David Lamb is 54. His marriage has recently ended; he’s been having an affair with a younger colleague at work; he’s just buried his father.
After the funeral, he stands by a ‘bus-stop bench’ in a parking ‘lot between a liquor barn and a dollar store’ and contemplates ‘the story that was his life even just a summer ago’:
Granite counter-tops, beveled glass gilded from the outside by light at the end of the day; two fingers of gin in a tumbler; newspapers and mail piling up on the island in the kitchen; Cathy in the gold eyeglasses trimming the tapered ends of the French green beans; Elizabeth Draper’s blue necklace of tiny glass beads in his silk-lined pants pocket; Linnie ringing his cell phone; his cuff links flashing every time he lifts his glass; a fax coming in from Wilson; nightly news from the flat-screen in the sunken living room; John Draper wanting him out on the driveway or in the garage for a beer; Cathy’s sister bleary-eyed and wrinkled pulling up in her Volvo: hi, David. All of that, and what was there now to hold him up?
As he stands there, he’s approached by a girl ‘in a lopsided purple tube top and baggy shorts and brass-colored sandals studded with rhinestones…her stomach stuck out like a dirty spotted white sheet. It was grotesque. It was lovely.’ She has been dared by her friends to ask him for a cigarette. He gives her one and in exchange, decides to play a trick on her friends. Grabbing the girl by the arm, he pushes her into his car, making it look as though he is kidnapping her.
From this early point, Nadzam shows us the state of David Lamb’s psyche and the games he likes to play. He checks that the girl’s unhurt and tells her he’s taking her home but then:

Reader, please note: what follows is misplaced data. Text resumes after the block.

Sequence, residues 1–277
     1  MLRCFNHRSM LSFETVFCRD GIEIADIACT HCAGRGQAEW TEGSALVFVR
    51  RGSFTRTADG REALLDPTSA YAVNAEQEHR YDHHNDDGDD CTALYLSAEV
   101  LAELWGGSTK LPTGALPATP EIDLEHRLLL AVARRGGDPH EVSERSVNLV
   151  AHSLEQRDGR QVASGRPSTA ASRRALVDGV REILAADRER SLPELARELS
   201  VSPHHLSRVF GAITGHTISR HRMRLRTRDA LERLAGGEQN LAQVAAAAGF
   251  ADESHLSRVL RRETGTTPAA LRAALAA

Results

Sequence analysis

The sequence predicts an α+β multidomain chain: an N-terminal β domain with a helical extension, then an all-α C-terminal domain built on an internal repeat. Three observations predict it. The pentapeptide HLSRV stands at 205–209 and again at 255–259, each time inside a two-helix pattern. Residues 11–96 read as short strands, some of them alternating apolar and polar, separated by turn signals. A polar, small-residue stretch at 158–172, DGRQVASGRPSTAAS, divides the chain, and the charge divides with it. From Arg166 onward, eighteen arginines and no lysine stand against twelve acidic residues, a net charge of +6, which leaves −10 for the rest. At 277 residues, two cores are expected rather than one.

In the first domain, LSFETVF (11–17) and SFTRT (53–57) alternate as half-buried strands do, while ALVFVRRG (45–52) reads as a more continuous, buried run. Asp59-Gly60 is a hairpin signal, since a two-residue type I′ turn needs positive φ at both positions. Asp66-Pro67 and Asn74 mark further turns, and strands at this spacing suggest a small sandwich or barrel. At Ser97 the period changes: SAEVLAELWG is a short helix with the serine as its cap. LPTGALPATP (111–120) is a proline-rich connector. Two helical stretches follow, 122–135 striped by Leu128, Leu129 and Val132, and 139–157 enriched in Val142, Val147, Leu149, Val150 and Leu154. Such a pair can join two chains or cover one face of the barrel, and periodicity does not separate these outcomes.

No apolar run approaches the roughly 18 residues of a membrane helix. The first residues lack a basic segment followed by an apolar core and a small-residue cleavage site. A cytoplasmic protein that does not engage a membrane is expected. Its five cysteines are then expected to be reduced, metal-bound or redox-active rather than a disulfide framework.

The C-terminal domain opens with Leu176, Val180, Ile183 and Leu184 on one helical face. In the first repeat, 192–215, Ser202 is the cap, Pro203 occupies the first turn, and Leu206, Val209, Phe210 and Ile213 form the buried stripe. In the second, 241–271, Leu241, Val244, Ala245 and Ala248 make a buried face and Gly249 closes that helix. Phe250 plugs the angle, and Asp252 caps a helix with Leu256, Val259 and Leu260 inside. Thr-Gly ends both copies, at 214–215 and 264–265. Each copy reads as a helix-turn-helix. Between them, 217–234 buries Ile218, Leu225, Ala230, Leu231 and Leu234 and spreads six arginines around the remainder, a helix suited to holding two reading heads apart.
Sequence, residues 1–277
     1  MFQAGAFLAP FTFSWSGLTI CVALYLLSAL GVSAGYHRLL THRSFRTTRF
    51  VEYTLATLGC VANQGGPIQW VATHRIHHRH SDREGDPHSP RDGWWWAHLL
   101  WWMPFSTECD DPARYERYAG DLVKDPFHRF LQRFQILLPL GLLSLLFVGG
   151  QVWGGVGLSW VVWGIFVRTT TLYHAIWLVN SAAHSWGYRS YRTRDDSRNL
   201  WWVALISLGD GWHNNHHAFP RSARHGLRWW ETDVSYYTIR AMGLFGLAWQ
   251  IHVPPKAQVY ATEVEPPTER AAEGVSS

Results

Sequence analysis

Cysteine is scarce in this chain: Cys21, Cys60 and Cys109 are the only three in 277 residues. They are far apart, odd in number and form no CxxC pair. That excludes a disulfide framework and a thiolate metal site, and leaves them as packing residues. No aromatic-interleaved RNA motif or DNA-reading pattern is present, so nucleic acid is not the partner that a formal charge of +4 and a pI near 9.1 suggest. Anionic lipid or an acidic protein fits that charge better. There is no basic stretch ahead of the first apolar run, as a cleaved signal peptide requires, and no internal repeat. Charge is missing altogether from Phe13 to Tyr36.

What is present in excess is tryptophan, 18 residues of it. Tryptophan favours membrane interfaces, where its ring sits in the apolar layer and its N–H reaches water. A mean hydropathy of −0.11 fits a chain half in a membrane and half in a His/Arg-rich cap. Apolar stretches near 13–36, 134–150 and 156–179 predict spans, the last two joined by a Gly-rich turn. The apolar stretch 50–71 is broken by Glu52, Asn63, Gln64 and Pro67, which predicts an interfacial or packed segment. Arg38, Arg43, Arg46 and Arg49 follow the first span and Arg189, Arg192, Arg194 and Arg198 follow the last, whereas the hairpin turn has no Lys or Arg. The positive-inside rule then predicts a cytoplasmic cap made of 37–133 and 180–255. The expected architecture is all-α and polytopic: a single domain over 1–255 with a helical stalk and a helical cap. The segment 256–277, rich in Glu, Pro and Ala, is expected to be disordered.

He yelled at her like he thought a father would have done.
“I could be taking you somewhere to kill you. You know that?”
… She was terrified. Well, good. It was true what he’d said. He could be taking her to kill her. He could do anything he wanted.
From a reader’s point of view he is also terrifying. Does he want to kill her? Abuse her? Is he just lonely and therefore, misguided in his choice of company? Does he want to be a father figure to her?
The following day, Lamb returns to the bus stop at the same time as the day before. Tommie (the girl) appears, upset because her friends didn’t care that she’d been taken away by an older stranger. Lamb lies about his name – he tells her it’s Gary – and then takes her for lunch. We’re told briefly that ‘they meet ten times in the next week’ and then Lamb suggests a trip to his cabin in Nebraska. It’s this trip that makes up the majority of the book.
And then, just as they’re preparing to leave, we learn that Tommie is 11.
He inhaled. Christ. He’d taken her for thirteen at least. Eleven. That was closer to five years old than it was to eighteen.
It doesn’t stop him though, although he does tell Tommie that she needs to think carefully about whether she wants to go on the trip and gives her opportunity to leave. Or so it seems. There are many moments in the book where it appears that David is being reasonable, that he is just protecting her from a home and school life that might not be that great and there are also many moments where it’s apparent that he lusts after her, where he’s predatory and downright scary.
Nadzam plays the reader well here. By telling the tale from Lamb’s point of view, we’re made to feel as though we might understand him, that he’s a character who should deserve our sympathy and then that’s snatched from us by a word or a deed. What’s also very well done is the restraint that Nadzam shows as a writer. She gives us glimpses of Lamb’s behaviour but there are several points where you’re left to flesh out what’s just happened, creating a more disturbing picture that the one that could’ve been spelled out to us and keeping us reading a story that otherwise might have been too much for most readers to stomach.
This is a taut, gripping book that well deserves its place on the Women’s Fiction Prize longlist.